- A slight gradient may be enough for the water to run off, but it really depends on the condition of the yard itself.
- Larger gaps in the concrete should be filled in before the turf laying as they will result in sagging and a poor overall quality of the job.
How to install astroturf on a FLAT concrete surface?
The grass needs a really smooth and clean surface or the laying will result in bumps or sagging and it won’t look natural. Artificial grass is suitable for all kinds of hard surfaces including decking, slabs and tarmac, asphalt and tiles so long as they are flat.
Here are the exact steps on how to lay astroturf on a concrete base successfully:
- Take measurements – measure the area you want to be covered with grass. This way you will know exactly where to cut, fix, glue and drill later in the process.
- Sweep the concrete clean – clean all dirt, sand, moss or weeds off the concrete. This is best done by pressure washing it down but if you have a leaf-blower, it could also do the job. The surface needs to be smooth and clean to allow the synthetic turf or underlay to fit in as closely as possible.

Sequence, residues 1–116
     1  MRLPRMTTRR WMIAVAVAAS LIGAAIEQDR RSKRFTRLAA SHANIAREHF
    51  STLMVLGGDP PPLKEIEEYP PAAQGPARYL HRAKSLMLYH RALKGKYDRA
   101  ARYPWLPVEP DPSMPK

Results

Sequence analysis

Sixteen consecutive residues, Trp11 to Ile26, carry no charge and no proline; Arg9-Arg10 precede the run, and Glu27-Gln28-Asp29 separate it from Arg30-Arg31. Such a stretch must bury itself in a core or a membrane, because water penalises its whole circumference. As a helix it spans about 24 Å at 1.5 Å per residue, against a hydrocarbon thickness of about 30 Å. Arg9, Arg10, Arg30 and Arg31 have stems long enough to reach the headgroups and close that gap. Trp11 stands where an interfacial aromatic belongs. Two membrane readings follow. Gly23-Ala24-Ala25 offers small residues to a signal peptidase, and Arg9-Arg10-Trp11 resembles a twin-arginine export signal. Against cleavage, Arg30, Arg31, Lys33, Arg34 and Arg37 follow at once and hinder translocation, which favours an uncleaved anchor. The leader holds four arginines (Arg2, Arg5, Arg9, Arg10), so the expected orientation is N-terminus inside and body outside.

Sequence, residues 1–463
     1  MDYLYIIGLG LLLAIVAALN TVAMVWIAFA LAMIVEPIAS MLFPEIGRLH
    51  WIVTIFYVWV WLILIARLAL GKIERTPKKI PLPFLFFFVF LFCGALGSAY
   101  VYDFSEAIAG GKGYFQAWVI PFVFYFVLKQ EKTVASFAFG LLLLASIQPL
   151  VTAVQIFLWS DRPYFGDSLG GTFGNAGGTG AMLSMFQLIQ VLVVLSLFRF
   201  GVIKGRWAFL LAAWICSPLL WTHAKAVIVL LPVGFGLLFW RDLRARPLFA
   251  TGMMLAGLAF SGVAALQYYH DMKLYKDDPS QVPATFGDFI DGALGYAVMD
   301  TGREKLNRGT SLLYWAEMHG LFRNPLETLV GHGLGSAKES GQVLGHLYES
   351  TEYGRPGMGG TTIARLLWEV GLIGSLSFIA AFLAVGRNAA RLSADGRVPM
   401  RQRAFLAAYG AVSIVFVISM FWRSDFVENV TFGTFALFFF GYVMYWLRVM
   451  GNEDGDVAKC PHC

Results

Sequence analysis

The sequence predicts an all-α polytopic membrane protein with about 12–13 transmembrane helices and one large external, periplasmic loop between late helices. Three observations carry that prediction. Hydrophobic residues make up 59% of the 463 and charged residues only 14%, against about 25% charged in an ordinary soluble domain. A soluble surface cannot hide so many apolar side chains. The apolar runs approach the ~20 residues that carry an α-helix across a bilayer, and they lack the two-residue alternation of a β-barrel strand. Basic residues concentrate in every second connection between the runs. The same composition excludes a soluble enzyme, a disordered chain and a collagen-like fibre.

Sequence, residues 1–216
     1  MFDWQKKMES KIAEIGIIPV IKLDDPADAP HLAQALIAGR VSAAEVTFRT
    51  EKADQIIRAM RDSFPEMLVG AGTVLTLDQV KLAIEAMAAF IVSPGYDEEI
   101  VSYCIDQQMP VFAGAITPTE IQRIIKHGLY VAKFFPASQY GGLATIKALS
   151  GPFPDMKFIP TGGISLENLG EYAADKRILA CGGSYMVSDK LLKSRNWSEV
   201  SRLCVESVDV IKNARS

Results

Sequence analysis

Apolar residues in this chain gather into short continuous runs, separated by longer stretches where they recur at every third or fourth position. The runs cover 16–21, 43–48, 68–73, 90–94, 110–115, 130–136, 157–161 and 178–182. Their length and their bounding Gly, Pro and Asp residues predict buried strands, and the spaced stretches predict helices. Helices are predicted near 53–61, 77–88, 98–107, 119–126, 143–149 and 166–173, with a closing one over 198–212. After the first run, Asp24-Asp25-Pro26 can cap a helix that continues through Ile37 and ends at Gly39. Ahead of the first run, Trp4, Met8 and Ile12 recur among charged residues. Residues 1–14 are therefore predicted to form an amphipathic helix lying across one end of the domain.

- Hose the concrete with water – If you did the power wash, a second hosing won’t be necessary. This is done to establish if there are puddles forming on it. If there are such puddles you’d have to make sure the concrete drains properly. An ideal base would have a slight incline for the water to run off. But in case of puddles forming…
- Drill holes where puddles form –
Make sure you drill all the way through the concrete. It’s best if you see the soil through the holes. If you can not be sure, hose again after the drilling and see if the holes are getting filled with water or the water is flowing down, through the soil. By doing so you ensure that the water has someplace to go and won’t sit on your newly laid astroturf after a rain.
- Fill the holes with kiln dried sand – The sand will act as a drainage system medium.
- Wait until the surface is dry – If you did not pressure wash, sweep the concrete one more time after it has dried out. This way you are getting rid of the bumps and providing a flat surface.
- Lay a shock pad underlay – It’s recommended to use a 25mm thick underlay. Leave some space of about 65mm for each side of the perimeter. You will later fill this in with adhesive.